Facial Expressions and Personality Traits

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crabby_womanHaving a happy expression will make you appear more confident in your interactions. This is according to a 2018 study by Ueda and Yoshikawa that found a couple of key findings: First, people with angry facial expressions are seen as having a more dominant and aggressive personality. They are therefore seen as being able to dominate others by physical strength and behaviors. Meanwhile, those with happy expressions are seen as being more dominant than those expressing other emotions due to having a relatively higher social standing than others they are interacting with.

The study involved showing participants pictures of individuals expressing different emotions and participants were asked to rate those pictures based on perceived dominance  In the one person pictures, people with the angrier expressions were seen as more dominant.  Contrary to expectations, the results were different when participants were shown a picture of a two-person interaction. In the two-person interaction, the person who appeared happy was seen as being more dominant than the angry person.

The difference in how people evaluate dominance for individuals versus pairs shows that being more dominant in a social setting is not the result of appearing more ready to dominate others by physical strength and behaviors. Whether a person appears dominant through expressing angry or happy emotions may give insight into their potential behavior. People who appear angry may try to use physical strength and behaviors to obtain their goals. People who appear happy in an interaction, particularly during an argument, may be better able to hide their anger, which allows them to remain calm and appear confident. Their happiness could also imply that they are winning the argument. It is important for people to be able to distinguish between these two types of dominance so that they can understand how they appear in their interactions and so they can evaluate the personality and social standing of others, modifying their own behaviors accordingly.


Ueda, Y., & Yoshikawa, S. (2018). Beyond personality traits: Which facial expressions imply dominance in two-person interaction scenes? Emotion, 18(6), 872-885. doi:http://dx.doi.org/10.1037/emo0000286


Unknown-225x300by Torrey Lucido

Torrey is a junior majoring in Psychology at The University of Wisconsin-Green Bay with and emphasis in Brain, Behavior, and Health. After graduating she plans to earn a graduate degree in occupational therapy and work with patients with brain injury and developmental disabilities.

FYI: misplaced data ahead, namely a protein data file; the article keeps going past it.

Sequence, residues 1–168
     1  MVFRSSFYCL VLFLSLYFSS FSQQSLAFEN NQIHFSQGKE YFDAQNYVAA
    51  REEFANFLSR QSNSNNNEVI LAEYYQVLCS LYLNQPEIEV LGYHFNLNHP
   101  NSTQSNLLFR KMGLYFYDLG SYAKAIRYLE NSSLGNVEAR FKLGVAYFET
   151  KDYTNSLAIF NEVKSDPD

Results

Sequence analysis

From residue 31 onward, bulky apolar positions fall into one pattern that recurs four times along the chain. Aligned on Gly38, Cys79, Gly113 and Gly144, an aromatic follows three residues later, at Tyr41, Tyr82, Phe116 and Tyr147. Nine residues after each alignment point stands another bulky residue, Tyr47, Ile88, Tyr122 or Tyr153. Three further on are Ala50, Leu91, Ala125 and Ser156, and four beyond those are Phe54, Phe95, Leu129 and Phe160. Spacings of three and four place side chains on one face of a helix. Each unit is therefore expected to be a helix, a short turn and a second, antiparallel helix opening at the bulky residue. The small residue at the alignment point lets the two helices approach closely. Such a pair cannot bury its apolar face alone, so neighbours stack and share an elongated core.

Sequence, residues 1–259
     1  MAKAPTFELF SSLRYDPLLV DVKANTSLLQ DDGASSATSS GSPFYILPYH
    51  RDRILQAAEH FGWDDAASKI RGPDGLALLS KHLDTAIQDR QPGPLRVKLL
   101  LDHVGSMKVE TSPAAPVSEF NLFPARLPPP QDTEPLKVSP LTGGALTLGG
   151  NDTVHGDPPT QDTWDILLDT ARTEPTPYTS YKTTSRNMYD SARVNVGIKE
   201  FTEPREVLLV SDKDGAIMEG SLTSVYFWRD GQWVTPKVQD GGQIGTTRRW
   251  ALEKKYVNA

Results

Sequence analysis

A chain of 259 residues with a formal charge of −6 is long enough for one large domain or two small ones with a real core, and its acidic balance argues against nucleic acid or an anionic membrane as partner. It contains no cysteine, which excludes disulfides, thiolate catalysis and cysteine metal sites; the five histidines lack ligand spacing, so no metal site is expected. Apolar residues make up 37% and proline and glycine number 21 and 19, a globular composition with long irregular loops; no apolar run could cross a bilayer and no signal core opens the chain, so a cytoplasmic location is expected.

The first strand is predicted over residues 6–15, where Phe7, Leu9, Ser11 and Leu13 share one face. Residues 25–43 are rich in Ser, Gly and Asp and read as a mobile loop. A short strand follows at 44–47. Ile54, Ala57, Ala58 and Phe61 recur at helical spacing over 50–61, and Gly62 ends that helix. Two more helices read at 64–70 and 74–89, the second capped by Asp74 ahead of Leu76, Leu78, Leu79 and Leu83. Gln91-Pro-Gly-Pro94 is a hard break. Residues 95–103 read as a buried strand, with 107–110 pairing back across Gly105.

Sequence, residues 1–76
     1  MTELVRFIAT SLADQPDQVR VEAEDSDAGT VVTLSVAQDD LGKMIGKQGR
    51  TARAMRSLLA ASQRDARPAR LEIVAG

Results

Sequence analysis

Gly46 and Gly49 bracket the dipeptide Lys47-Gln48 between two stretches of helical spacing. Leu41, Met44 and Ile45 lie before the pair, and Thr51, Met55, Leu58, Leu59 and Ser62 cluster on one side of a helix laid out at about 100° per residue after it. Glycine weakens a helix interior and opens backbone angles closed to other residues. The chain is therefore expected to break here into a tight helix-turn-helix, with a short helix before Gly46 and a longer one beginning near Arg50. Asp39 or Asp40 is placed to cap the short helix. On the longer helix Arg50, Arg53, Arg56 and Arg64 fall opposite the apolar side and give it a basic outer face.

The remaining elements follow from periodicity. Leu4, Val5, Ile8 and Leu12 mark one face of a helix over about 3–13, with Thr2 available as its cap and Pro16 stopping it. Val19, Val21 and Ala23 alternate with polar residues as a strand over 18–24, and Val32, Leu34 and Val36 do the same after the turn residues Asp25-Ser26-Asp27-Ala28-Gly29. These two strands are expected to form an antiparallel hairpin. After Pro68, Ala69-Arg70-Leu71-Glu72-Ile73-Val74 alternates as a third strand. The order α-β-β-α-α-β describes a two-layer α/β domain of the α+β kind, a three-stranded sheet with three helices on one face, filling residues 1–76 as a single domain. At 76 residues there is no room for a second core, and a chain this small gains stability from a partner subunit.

The Science of Bitchy Resting Face

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Bitchy Resting FaceWe have all heard the jokes about “bitchy resting face” and what it means for women who have naturally angry looking faces. But, as it turns out, there may actually be some science behind the joke. A recent article by Mareike Jaensch and colleagues, published in a 2014 issue of the Journal of Experimental Psychology, investigated how facial expression would play a role in whether or not men would maximize their viewing time of attractive vs. unattractive female faces. In the study, they exposed male participants to both attractive and unattractive female faces, varying whether those faces were expressing happy, neutral, or angry emotions.

The researchers found that while males still rated the angry, “attractive” faces as more attractive, on average, than the “unattractive” faces, they actively worked to reduce the amount of time they spent viewing them and increased viewing time of the happy and neutral attractive faces. Past research suggests that because an angry expression is an “aversive stimulus,” it indicates potential harm, thus encouraging avoidance. In other words, if males sense no chance of a reward, they move on quickly.0

By Allie Nelson
Allie is a senior with Psychology and Human Development majors. She plans on graduating in May of 2015 and attending graduate school.